It is no surprise that retailing has changed over the years. In the 1980s and 1990s, big-box retailers such as Walmart began opening stores in small towns and forcing local mom-and-pop shops out of business. In the 2000s, with the rise of Internet shopping, more brick-and-mortar retailers closed their doors. The COVID-19 pandemic resulted in another wave of retail closures. While future prospects for a number of retail operations appear bleak, many retailers—both new and established—are finding innovative ways to attract customers back into the stores.
Precycle is a grocery store in the Bushwick neighborhood of Brooklyn, New York. In order to differentiate her store from other local shops, Precycle owner Katerina Bogatireva decided to focus her efforts on serving a niche market of consumers who are committed to protecting the environment. Shoppers at Precycle can find a wide variety of spices, fruits, grains, pastas, toothbrushes, and many household basics. But what shoppers won’t find at Precycle is plastic. Bogatireva opened the store in an effort to reduce the amount of plastic that is used in retailing. All the items in Precycle are not only free from plastic and sold in bulk, they are locally sourced.1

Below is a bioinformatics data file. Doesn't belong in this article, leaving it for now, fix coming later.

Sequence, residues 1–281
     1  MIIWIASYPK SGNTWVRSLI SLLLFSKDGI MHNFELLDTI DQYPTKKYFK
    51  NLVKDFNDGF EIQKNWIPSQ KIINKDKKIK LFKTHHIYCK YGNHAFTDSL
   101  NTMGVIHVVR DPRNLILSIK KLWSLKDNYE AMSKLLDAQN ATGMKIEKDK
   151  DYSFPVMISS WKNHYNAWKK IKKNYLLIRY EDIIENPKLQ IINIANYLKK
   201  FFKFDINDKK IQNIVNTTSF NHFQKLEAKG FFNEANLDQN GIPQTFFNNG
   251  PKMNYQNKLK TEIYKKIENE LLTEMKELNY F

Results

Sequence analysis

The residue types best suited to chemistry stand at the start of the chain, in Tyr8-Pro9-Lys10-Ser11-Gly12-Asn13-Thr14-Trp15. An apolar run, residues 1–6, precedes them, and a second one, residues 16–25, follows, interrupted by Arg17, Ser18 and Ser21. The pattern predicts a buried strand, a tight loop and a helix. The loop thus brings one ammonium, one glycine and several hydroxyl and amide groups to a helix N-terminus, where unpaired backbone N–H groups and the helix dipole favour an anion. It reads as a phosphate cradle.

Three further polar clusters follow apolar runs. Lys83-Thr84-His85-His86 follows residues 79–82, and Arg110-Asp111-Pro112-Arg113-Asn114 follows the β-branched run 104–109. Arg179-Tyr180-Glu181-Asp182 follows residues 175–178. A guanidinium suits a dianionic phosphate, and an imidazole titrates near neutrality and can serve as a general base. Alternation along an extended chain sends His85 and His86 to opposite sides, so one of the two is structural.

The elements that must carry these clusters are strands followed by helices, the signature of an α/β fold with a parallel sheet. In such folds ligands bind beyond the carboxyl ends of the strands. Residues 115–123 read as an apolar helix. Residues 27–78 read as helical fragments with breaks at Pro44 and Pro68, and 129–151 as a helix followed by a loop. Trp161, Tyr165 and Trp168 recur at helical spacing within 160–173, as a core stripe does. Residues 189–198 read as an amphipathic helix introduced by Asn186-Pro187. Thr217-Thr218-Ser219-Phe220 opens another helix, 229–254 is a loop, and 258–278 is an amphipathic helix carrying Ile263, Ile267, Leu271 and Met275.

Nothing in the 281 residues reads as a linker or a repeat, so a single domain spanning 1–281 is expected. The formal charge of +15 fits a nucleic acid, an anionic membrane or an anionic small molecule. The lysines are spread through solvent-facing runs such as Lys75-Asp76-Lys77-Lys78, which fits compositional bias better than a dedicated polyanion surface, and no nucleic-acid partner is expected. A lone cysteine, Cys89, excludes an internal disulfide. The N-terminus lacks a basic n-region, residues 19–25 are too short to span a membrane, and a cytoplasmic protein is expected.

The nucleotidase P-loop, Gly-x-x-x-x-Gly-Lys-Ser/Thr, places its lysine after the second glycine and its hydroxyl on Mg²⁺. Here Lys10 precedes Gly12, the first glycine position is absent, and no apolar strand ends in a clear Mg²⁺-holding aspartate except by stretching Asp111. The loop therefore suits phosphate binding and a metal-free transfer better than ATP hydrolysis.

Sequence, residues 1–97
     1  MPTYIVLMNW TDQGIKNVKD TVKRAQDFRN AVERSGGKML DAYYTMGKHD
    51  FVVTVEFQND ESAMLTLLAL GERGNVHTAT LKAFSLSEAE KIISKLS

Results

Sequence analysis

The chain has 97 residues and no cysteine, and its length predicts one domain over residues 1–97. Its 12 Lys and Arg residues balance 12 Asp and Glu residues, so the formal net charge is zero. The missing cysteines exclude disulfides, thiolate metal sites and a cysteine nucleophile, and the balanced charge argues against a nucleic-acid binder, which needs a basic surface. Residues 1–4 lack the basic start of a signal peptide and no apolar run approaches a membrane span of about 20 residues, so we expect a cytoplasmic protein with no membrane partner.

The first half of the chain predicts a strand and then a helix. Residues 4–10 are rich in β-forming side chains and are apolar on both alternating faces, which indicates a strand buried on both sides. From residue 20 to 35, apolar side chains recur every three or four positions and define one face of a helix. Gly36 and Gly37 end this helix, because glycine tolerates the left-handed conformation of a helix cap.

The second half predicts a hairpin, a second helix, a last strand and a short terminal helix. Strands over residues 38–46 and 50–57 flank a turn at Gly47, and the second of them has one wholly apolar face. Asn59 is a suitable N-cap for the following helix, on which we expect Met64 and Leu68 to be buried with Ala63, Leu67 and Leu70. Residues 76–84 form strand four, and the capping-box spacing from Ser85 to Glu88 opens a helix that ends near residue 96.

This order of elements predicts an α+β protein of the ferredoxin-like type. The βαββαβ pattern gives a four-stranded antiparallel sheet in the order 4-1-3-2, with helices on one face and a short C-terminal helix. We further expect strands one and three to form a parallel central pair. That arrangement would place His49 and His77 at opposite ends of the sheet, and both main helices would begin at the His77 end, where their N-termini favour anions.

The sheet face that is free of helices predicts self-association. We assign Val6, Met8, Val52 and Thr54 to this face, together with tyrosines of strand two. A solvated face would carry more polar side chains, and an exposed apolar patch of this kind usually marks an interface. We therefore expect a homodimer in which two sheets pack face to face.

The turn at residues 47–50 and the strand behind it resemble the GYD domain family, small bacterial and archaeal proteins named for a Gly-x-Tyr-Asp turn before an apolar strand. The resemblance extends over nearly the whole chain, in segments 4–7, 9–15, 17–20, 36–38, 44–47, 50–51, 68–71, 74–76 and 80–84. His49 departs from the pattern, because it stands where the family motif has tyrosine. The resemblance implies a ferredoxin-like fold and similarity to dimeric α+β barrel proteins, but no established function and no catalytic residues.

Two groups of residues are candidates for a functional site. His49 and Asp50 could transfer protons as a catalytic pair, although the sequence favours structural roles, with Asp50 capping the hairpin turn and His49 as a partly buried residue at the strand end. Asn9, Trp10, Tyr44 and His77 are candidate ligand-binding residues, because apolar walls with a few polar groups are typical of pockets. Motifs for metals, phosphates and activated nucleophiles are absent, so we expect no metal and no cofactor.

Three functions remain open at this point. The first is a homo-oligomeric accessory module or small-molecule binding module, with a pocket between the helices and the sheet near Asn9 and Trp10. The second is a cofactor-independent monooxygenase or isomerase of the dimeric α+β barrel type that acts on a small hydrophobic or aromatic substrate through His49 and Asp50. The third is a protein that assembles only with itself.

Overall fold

Similar types of stores have been popping up throughout the United States. Consumers are more and more aware of the ongoing problem that plastic creates for our oceans and general environment. Additionally, more consumers are becoming locavores, people who purchase food that is locally grown.2 Local and more traditional brick-and-mortar retailers are ideal to meet these consumer demands. Post-pandemic, we may see increased numbers of brick-and-mortar retailers responding to these new consumer demands. Only time will tell.